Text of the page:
There are always jobs available - MSF works nearly 80 countries. The job in south Sudan was the first one offered to me and it met the criteria that I was looking for. I think they were finding it hard to fill the post because it was such basic living - living in tents, no water, no electricity, washing up in a bucket of murky water with a cup. It just happens to be the lifestyle that I quite like. To me it was a bonus! We didn't create any waste and we never threw food away because there wasn't enough food for people. We didn't use lots of plastic bottles because we'd get the water from a well. Although there were horrendous things going on and environmental dangers of snakes and scorpions, the actual logistics of day-to-day living make absolute sense. It was a really positive experience.  

How long did you do it for?

Initially the project was for eight months but I extended it to over ten months. I got back in February this year (2008). 

Describe your Christmas day there...

My mum had sent me some presents and had them flown over to me. But it was at the time of the political upheaval so the presents got to Kenya but because there was no movement on the roads in Kenya, we didn't get any Christmas presents. MSF sealed a cool box and on Christmas morning we opened it and found some cheese and we hadn't had cheese in about four months so I thought it was great! We ran the hospital as normal. There was a heavy malaria outbreak at the time and we were seeing about 200 kids a day who needed malaria treatment, so we were really busy. We took some toffees as a little Christmas gift for the staff and they were pretty chuffed. We worked till sunset then went back to the compound. We sat, ate our cheese and played some games. None of us were on call that night so we enjoyed some warm wine and beer!

I was working with a Christian community called the Nuer Tribe. With our project, the idea was that we go out there and give medical training to international staff. They then learn how to teach their community. We pay them competitive. One of our senior national staff was better off than his neighbours, so he went and bought a goat for Christmas Day - to kill and have for dinner - but then he invited all of his relatives over.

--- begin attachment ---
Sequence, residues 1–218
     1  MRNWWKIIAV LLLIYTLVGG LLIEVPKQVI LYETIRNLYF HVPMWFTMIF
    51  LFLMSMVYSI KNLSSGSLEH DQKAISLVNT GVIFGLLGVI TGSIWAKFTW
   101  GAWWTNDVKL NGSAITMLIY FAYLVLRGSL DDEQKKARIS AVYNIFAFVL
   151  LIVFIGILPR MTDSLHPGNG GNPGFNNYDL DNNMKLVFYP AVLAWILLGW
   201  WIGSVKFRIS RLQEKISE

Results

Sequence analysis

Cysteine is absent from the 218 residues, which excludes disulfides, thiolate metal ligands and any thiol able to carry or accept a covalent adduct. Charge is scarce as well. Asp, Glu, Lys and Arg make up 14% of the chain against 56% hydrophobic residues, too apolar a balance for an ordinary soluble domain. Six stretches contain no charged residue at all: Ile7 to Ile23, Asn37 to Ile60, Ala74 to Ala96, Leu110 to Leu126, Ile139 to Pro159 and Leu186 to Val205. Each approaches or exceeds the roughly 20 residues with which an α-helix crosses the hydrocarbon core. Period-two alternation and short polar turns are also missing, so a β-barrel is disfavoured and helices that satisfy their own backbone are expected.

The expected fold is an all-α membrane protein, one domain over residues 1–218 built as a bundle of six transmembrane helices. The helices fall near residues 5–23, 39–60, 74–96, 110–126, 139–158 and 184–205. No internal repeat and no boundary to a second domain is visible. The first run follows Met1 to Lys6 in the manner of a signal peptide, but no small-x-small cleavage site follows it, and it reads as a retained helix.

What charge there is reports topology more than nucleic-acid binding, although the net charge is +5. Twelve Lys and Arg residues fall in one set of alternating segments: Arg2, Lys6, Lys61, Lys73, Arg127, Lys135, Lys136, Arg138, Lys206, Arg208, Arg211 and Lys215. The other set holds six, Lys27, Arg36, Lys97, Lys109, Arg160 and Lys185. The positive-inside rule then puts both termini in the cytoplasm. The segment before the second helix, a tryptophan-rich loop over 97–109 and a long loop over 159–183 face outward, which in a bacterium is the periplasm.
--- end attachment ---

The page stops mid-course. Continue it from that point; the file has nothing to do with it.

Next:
Some of his relatives walked a good eight hours from another village and shared his goat and they really enjoyed their Christmas. They got up at about 8am in the morning, started playing their drums, dancing going on in the street. The whole community came out for it and just danced and enjoyed themselves. To do that in a country that had over 50 years of civil war, where people don't have enough food, is mad. That's Christmas, that's real. 

What advice would you give to people interested in aid working?

Aid work isn't about making people feel guilty; I think that everyone can play a role when it comes to charity work. Whether it's donating, giving up your time to offer hands-on help like me, or talking about it and spreading the word on poverty issues, it still shows you care. The fact that we're sat here in a pub discussing it shows that we care. Everyone in society has a role to play, and whatever they can offer will make a difference to the quality of life in developing countries. 

anna kent aid worker2